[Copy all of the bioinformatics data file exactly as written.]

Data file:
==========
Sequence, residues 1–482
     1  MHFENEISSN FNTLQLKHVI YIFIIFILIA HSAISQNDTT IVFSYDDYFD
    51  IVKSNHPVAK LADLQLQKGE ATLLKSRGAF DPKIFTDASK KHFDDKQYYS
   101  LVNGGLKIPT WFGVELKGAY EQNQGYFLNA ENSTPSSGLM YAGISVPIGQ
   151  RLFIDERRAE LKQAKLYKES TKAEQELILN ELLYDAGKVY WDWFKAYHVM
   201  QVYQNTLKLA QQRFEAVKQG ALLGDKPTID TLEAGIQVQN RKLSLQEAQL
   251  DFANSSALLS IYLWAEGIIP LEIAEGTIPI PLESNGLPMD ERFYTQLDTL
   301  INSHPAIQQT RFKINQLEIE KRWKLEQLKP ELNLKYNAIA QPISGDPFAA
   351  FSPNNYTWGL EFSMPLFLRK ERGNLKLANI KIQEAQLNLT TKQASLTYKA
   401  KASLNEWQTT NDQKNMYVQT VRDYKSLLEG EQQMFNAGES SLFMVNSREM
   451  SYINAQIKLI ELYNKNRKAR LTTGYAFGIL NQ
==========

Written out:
Sequence, residues 1–482
     1  MHFENEISSN FNTLQLKHVI YIFIIFILIA HSAISQNDTT IVFSYDDYFD
    51  IVKSNHPVAK LADLQLQKGE ATLLKSRGAF DPKIFTDASK KHFDDKQYYS
   101  LVNGGLKIPT WFGVELKGAY EQNQGYFLNA ENSTPSSGLM YAGISVPIGQ
   151  RLFIDERRAE LKQAKLYKES TKAEQELILN ELLYDAGKVY WDWFKAYHVM
   201  QVYQNTLKLA QQRFEAVKQG ALLGDKPTID TLEAGIQVQN RKLSLQEAQL
   251  DFANSSALLS IYLWAEGIIP LEIAEGTIPI PLESNGLPMD ERFYTQLDTL
   301  INSHPAIQQT RFKINQLEIE KRWKLEQLKP ELNLKYNAIA QPISGDPFAA
   351  FSPNNYTWGL EFSMPLFLRK ERGNLKLANI KIQEAQLNLT TKQASLTYKA
   401  KASLNEWQTT NDQKNMYVQT VRDYKSLLEG EQQMFNAGES SLFMVNSREM
   451  SYINAQIKLI ELYNKNRKAR LTTGYAFGIL NQ